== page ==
Editors' ChoiceBIOMATERIALS

The Dendrimer SEALs: Infiltrate, Search and Destroy

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Science Translational Medicine  17 Apr 2013:
Vol. 5, Issue 181, pp. 181ec64
DOI: 10.1126/scitranslmed.3006315

A biomaterial that can reach a specific location, selectively target diseased cells while sparing healthy ones, display extended circulation time, and metamorphose when internalized into cells to enable efficient cargo release: Is this science fiction or are we already there? Medina et al. show that dendrimer-based materials can be decorated with multiple bioactive molecules and do it all: selectively target liver cancer cells, maintain the function of healthy cells, and release their cargo locally and in a controlled fashion.

Systemic cancer therapy is suboptimal as a life-saving treatment. This deficiency is the result of nonspecific high dosing that results in extremely deleterious side effects. Local therapy can prevent systemic toxicity while enabling effective and confined concentration and retention of the therapeutic agent. However, the means by which to attain ideal release kinetics, targeting, and penetration remain elusive. A range of materials and active molecules has been used to achieve targeting, enhanced circulation time, and selectivity. However, there has been no single material that has achieved all of these objectives.

Dendrimers are a family of materials characterized by a distinct chemical tree-like branching architecture, with a large number of amine groups that can immobilize agents. The authors use several interesting strategies that combined dendrimers with chemotherapeutic drugs in order to deliver a large dose of chemotherapeutic agent selectively into the cytoplasm of hepatic cancer cells while escaping recognition and internalization by hepatic macrophages and avoiding neighboring normal hepatocytes. Particle uptake and selectivity were examined in vitro by using healthy or malignant human hepatic cells, in the presence of liver macrophages, followed by in vivo examination of particles’ efficacy in a mouse model of liver cancer. Covalent coupling of N-acetyl-galactosamine to dendrimers proved to selectively bind to the asialoglycoprotein receptor expressed on the surface of liver cancer cells, thus allowing selective targeting of malignant cells. In addition, suppression of nonspecific protein adsorption—achieved by the neutralization of the dendritic primary amine charge by acetylation—was evident by the extent of in vitro bovine serum albumin binding. This led to an in vivo reduction of particle clearance and minimized nonspecific distribution to the liver, kidneys, and spleen. PEGylation using polyethylene glycol (PEG) conjugation prevented particle opsonization—that is, protein adsorption—and hence phagocytosis by macrophages. However, PEGylation also reduced cellular uptake and inhibited endosomal escape, thus decreasing delivery efficiency. The authors elegantly bypassed this obstacle by using a degradable linkage between the PEG moiety and the dendrimer, which protected the material from opsonization while circulating. Once in acidic endosomes of cancer cells, the PEG moiety was shed, enabling enhanced cargo release intracellularly.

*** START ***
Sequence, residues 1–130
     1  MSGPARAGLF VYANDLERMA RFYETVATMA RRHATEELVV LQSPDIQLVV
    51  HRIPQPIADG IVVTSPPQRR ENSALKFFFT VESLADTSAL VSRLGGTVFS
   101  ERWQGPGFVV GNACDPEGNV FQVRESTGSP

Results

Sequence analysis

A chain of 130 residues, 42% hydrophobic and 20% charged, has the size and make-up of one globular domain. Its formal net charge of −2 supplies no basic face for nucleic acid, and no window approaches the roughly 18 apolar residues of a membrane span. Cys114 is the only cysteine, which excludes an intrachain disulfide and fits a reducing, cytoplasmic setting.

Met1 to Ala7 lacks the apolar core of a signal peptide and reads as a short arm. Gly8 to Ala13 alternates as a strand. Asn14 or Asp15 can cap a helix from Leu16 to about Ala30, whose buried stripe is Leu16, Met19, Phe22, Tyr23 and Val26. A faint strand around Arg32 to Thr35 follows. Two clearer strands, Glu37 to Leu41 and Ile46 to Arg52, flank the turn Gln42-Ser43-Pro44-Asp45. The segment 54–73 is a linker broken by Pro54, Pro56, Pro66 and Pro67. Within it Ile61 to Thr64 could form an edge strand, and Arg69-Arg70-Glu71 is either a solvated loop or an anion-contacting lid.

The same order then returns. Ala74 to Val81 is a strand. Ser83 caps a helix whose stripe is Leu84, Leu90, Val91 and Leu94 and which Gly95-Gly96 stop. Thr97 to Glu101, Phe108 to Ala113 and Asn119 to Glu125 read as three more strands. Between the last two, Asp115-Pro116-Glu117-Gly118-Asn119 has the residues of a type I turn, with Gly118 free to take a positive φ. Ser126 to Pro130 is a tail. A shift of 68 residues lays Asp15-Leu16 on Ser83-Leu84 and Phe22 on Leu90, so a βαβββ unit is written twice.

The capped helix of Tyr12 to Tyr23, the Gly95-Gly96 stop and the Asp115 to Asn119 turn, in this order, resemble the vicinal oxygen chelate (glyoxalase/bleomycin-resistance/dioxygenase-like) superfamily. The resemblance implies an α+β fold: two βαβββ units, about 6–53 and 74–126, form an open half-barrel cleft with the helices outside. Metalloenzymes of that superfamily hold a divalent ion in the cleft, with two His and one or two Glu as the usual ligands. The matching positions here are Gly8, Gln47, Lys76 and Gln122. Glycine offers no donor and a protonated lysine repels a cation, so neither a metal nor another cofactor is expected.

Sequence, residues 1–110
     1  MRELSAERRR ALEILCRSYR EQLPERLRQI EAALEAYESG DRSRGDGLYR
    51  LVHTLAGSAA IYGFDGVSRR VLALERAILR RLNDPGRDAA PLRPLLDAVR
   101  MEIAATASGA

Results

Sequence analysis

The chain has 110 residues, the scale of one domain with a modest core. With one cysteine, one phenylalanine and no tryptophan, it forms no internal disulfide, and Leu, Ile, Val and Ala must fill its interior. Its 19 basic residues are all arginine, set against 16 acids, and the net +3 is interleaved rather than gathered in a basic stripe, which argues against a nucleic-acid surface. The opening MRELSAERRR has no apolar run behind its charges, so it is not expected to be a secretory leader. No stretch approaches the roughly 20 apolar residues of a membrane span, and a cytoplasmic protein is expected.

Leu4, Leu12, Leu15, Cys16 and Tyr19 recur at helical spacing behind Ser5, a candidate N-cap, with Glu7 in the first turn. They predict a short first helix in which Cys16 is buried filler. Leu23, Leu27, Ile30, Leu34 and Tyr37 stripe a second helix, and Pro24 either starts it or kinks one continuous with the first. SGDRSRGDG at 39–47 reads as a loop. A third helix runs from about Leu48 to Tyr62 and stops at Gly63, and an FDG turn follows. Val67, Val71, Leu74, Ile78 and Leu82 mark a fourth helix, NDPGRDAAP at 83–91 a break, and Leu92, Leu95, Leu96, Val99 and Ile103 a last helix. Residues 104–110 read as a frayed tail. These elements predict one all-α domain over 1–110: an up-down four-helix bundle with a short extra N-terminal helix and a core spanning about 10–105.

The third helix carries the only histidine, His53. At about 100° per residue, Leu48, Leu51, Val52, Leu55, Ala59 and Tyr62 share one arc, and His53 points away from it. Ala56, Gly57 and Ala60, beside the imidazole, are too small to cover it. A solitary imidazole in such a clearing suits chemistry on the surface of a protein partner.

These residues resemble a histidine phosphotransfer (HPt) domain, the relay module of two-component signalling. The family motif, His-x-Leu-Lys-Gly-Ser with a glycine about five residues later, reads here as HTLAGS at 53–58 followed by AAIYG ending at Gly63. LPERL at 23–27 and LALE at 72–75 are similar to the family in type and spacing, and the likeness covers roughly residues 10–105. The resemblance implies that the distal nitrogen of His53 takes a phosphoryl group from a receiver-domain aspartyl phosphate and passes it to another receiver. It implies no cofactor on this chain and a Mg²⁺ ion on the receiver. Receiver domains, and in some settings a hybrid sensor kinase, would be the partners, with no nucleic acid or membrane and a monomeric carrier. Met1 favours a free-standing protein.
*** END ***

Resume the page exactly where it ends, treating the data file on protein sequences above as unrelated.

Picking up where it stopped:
We are at the advent of targeted rather than systemic treatment of cancers. As shown by Medina et al., combining state-of-the-art material design with targeted therapeutics into one platform can result in intelligent therapies that are more effective in combatting multiple types of cancer with minimal toxic side effects. The described principles are sound and can be rapidly moved from bench to bedside to allow a new and improved toolbox for treating cancer.

S. H. Medina et al., Targeting hepatic cancer cells with PEGylated Dendrimers Displaying N-acetylgalactosamine and SP94 peptide ligands. Adv. Healthcare Mater., published online 3 April 2013 (10.1002/adhm.201200406). [Abstract]

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